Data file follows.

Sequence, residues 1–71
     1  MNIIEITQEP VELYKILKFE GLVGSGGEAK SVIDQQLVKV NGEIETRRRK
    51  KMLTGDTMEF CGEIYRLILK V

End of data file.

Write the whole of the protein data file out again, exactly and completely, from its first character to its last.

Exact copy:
Sequence, residues 1–71
     1  MNIIEITQEP VELYKILKFE GLVGSGGEAK SVIDQQLVKV NGEIETRRRK
    51  KMLTGDTMEF CGEIYRLILK V